Obviously, health and effectiveness on the part of the starting rotation trickles down to the bullpen, which is strengthened by the presence of Robert Gsellman over Rafael Montero. And upon Jason Vargas’ return to action, it should become even deeper, with one of the other members of the rotation—probably Seth Lugo—joining the relief corps. The loss of Addison Reed hurts, but Anthony Swarzak should complement A.J. Ramos nicely in the setup role and it would be hard for either of them to be worse than their 2017 counterparts, Fernando Salas and the newly optioned Hansel Robles.
The 2017 bullpen also lacked Jeurys Familia for almost the entire duration of the season, so the presence of him alone already represents an improvement. Jerry Blevins remains—ever the stalwart. But where the 2017 bullpen had Josh Smoker and Josh Edgin, the 2018 bullpen has Paul Sewald and Jacob Rhame, with Robles and Wheeler at the ready to contribute if needed, along with the gaggle of relief pitchers Sandy Alderson acquired in all of his trade deadline deals last season.
Minor league depth
By the time Amed Rosario and Dominic Smith were promoted to the big leagues last season, they were about the only thing for Mets fans to get excited about. Once healthy, Dominic Smith will be waiting in the wings for his next opportunity to take a step forward at the big league level. Luis Guillorme and Gavin Cecchini, one thought to be marginal depth at best, took big steps forward in their development this spring and can now perhaps be counted as legitimate bench options, should the Mets need them this season. Minor league outfield depth remains pretty thin. However, new acquisition Bryce Brentz may remedy that somewhat if he clears waivers. Chris Flexen had himself a nice spring (in a small sample) and hopefully another year of minor league experience will make his next cup of coffee in the big leagues, should it come, a more pleasant experience. The Mets also signed A.J. Griffin to a minor league deal to fill out the starting pitching depth in Las Vegas.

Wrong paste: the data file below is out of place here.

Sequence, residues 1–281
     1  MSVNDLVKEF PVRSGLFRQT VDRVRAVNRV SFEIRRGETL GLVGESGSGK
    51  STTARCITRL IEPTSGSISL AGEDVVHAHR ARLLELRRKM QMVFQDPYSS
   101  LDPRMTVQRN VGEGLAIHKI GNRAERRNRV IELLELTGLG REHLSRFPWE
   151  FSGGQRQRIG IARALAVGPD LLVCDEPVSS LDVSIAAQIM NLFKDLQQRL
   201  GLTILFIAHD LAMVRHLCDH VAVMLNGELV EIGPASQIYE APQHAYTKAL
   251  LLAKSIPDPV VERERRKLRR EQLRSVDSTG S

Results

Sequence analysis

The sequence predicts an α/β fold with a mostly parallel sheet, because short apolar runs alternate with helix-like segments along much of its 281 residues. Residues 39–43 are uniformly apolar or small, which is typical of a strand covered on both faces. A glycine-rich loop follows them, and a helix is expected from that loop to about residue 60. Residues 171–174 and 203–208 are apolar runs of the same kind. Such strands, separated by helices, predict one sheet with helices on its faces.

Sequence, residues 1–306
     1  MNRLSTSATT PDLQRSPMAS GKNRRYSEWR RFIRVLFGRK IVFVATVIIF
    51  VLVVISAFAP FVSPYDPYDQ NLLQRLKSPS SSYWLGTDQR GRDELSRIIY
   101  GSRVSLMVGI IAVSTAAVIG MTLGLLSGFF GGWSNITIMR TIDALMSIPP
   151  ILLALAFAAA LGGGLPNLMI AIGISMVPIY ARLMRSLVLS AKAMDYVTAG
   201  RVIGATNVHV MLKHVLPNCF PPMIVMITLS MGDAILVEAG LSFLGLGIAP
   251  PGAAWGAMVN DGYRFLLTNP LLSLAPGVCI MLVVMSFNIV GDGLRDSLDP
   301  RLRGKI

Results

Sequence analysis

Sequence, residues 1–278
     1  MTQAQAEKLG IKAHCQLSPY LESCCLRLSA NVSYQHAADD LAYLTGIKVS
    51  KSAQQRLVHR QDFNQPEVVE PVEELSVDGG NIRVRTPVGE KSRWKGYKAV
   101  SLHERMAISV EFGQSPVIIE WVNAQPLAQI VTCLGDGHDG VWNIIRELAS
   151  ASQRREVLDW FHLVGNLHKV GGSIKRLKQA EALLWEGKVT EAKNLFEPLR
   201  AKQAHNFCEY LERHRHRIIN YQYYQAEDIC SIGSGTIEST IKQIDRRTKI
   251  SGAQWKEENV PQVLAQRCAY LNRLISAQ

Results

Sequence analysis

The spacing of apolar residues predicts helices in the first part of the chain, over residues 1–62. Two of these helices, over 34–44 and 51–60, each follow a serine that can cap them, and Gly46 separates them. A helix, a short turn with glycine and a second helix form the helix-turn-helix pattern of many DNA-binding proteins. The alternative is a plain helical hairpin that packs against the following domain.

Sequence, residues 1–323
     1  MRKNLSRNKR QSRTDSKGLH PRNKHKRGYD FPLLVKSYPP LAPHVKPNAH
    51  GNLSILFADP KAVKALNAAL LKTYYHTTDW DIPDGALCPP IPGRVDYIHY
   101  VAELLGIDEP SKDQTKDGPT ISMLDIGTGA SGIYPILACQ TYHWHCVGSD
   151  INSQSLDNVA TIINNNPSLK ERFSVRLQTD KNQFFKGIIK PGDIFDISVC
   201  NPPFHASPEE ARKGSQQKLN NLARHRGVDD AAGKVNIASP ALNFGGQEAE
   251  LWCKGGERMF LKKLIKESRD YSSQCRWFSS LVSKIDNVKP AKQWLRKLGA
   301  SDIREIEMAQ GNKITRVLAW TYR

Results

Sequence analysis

Have we simply shuffled the deck chairs on the Titanic this offseason or will health prevail? That’s why they play the games, as they say. For now, it’s Opening Day and I will allow optimism to reign. Could the Mets have done more this offseason to hedge against injuries derailing them yet again? Absolutely, yes. They could have invested marginally (in baseball payroll terms) more money at first base and gotten much more of an upgrade. They could have signed a front-end starter instead of a back-end one and made the rotation seem truly rock solid. But, did they do more than I expected they would? Yes. Are they a deeper team heading into Opening Day than they were last year? I believe they are.